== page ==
A World of Omens and Oracles
WHAT is at once so familiar and so strange as the world of the Greek myths? The nightly skies are strewn with planets and constellations bearing the Greek or Roman names of mythical gods and heroes: Jupiter, Venus, Mars, Orion, the Pleiades. English literature glitters with allusions to Apollo, Pan, Odysseus, Troy, the Muses, Helen, Leda and the Swan.
Classical values are woven into the fabric of Western culture. Classical ideals of self-government informed the thought of America's founding fathers and also inspired the authors of the French Revolution. Concepts of athletic competition, geometry, metaphysics, and aesthetics also owe much to classical models.
Yet, how alien and archaic this vanished world sometimes seems: a world of omens and oracles, where the sacred and the profane mingled close at hand and a polytheistic pantheon of gods and goddesses seemed to spend most of their time acting out a lurid soap opera of passion, jealousy, revenge, seduction, and abduction, with a hefty measure of metamorphosis thrown in to keep things moving. Nor is there any single source or sacred text, like the Bible or the Koran, to which the reader can turn to study Gre ek mythology.
As the Italian author and editor Roberto Calasso points out in "The Marriage of Cadmus and Harmony," "The Greeks were unique among the peoples of the Mediterranean in not passing on their stories via a priestly authority. They were rambling stories, which is partly why they so easily got mixed up. And the Greeks became so used to hearing the same stories told with different plots that it got to be a perfectly normal thing for them."
What we know of Greek mythology comes from many sources: statues, temples, coins, inscriptions, and of course literature - from the solemn works of Homer to the playful writings of Ovid and the disbelieving satires of Lucian.
Calasso draws on a vast array of variant myths and stories and molds them into a single text, which - though scarcely definitive - may still be one of the most comprehensive and comprehensible modern attempts at recreating this vanished world.
Part narrative, part meditation, this marvelously engrossing book plunges the reader right into the thick of the mythological action with its opening scene, in which Zeus, disguised as a bull, carries off a girl called Europa from the coastline of Asia to the island of Crete. There, her descendants, the lonely, monstrous Minotaur and his sister Ariadne, will play their parts in the story of Theseus, founder of Athens.
Meanwhile, Europa's brother Cadmus, sent to search for his abducted sister, ends up founding the city of Thebes, saving Zeus himself from a primordial monster, and marrying the lovely Harmony, daughter of Ares and Aphrodite.
Winding his way through the maze of these and other stories with clarity and brio, Calasso illuminates the twists and turns of plot linking one myth to another, while elucidating the underlying themes and patterns that give each myth a ghostly resemblance to other myths. Again and again, there are heroes who slay monsters, heroines who betray their countries to bestow themselves on monster-slaying heroes from afar. Everywhere, one finds abandoned women who hang themselves, youths and maidens who transfor m themselves into trees and flowers to avoid the pursuit of gods who, in turn, transform themselves into snakes, bulls, swans, eagles, and wolves to seduce their human lovers.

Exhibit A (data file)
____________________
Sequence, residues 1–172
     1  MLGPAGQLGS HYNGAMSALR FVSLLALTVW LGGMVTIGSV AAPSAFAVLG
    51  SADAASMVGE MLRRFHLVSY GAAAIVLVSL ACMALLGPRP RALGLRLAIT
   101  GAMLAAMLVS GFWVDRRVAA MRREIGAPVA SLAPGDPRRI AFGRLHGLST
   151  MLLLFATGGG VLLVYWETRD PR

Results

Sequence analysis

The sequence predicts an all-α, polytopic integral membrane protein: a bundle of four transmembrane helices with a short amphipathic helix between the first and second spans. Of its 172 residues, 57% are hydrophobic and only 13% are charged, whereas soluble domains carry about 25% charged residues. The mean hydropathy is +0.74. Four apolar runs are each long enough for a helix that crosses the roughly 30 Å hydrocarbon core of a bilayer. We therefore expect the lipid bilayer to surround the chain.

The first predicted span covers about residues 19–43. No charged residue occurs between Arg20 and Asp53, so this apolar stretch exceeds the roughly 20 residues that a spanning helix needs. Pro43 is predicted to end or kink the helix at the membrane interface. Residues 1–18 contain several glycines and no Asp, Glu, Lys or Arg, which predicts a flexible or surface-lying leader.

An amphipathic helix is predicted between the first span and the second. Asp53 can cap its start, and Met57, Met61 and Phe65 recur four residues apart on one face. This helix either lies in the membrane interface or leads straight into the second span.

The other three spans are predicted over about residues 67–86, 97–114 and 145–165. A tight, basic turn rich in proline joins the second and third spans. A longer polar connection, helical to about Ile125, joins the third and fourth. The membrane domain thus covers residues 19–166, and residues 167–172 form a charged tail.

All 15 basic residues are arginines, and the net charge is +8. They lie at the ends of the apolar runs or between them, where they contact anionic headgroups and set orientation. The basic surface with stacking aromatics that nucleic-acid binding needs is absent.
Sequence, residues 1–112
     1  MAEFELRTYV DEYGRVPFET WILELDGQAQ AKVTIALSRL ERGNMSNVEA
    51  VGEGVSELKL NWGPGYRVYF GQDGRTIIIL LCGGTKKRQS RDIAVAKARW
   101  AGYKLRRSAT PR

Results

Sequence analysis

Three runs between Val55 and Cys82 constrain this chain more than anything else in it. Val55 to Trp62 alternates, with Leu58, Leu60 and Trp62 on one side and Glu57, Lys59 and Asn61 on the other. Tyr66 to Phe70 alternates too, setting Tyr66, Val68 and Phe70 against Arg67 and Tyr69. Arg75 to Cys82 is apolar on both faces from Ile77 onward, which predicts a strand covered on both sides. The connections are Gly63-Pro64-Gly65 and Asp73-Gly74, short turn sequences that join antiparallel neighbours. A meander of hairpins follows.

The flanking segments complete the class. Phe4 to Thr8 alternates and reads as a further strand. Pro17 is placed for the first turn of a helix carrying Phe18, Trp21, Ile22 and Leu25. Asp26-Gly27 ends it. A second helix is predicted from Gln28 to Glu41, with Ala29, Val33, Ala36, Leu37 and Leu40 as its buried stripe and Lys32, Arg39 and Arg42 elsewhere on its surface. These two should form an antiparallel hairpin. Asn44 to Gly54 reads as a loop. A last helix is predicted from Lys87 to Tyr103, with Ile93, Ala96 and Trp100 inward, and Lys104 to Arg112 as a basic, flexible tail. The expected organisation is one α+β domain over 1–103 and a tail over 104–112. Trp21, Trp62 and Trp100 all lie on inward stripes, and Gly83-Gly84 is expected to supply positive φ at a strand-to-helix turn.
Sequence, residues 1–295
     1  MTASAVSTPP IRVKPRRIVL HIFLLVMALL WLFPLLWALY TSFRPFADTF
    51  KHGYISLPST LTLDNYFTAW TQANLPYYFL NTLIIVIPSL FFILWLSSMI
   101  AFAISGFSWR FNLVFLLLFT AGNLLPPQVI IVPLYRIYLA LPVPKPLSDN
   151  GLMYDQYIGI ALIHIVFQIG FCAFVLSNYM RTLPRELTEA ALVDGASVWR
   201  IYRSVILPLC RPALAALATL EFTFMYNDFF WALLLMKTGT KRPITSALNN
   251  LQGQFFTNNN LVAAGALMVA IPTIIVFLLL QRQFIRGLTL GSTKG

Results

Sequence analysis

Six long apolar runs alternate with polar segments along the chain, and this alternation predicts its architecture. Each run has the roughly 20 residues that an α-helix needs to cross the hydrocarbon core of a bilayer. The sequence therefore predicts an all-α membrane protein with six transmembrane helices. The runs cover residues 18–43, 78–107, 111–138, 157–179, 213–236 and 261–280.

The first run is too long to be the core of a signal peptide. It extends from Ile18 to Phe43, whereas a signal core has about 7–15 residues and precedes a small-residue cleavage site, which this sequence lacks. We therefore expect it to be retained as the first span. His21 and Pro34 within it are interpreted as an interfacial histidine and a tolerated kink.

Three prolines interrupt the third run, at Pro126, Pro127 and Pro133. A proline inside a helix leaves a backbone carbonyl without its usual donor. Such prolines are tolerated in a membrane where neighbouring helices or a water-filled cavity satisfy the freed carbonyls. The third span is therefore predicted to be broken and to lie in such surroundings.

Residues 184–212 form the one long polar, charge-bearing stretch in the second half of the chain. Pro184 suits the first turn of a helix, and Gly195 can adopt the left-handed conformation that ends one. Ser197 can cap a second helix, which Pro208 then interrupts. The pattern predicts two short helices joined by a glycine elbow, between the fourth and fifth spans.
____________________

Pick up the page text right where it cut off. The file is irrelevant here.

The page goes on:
Calasso's concise, straightforward style of storytelling untangles the most complicated plots, while his pithy comments on Greek culture and politics provide substantive food for thought. In the eternal shenanigans of the Olympian deities, he recognizes the human spirit's desire for a world of greater freedom and playfulness.
The Olympians, he reminds the reader, realized the overwhelming power of Ananke, or Necessity. Yet "they preferred to make believe that they were subject to Eros just as much as to Ananke, though all the time aware that ... this was just a blasphemous fraud." Ananke's inescapable net of circumstance is camouflaged by Aphrodite's brightly hued girdle of romantic illusion, because if "Ananke commands alone, life becomes rigid."
Many of Calasso's insights are not new: the idea of Greece as an aesthetic culture, the notion of Sparta as a forerunner of the modern totalitarian state, and the linking of Apollo and Dionysus as interrelated opposites. Minds as diverse as Matthew Arnold, Friedrich Nietzsche, and I. F. Stone have explored similar terrain, often more brilliantly and more thoroughly.
But Calasso's emphasis on telling the stories rather than analyzing them - or, more accurately, telling them with just enough analysis to make them more lucid and intriguing - is a refreshing approach. It differs from Mary Renault's approach. Whereas the author of "The Bull from the Sea," "The King Must Die," and other books, wrote full-fledged novels making imaginative use of modern fictional techniques to capture the flavor of an archaic sensibility, Calasso's work is closer to an anthology, albeit one
in which the collected stories are sinuously intertwined. It is a work of power and grace. These qualities are apparent even in the rather clumsy English translation by Tim Parks.